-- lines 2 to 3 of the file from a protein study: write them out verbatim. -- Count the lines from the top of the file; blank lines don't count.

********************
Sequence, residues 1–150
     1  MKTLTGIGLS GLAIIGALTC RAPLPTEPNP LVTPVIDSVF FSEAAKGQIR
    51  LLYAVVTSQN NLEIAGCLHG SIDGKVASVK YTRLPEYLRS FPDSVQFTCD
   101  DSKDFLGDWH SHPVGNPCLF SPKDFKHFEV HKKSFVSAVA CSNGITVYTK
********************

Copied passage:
     1  MKTLTGIGLS GLAIIGALTC RAPLPTEPNP LVTPVIDSVF FSEAAKGQIR
    51  LLYAVVTSQN NLEIAGCLHG SIDGKVASVK YTRLPEYLRS FPDSVQFTCD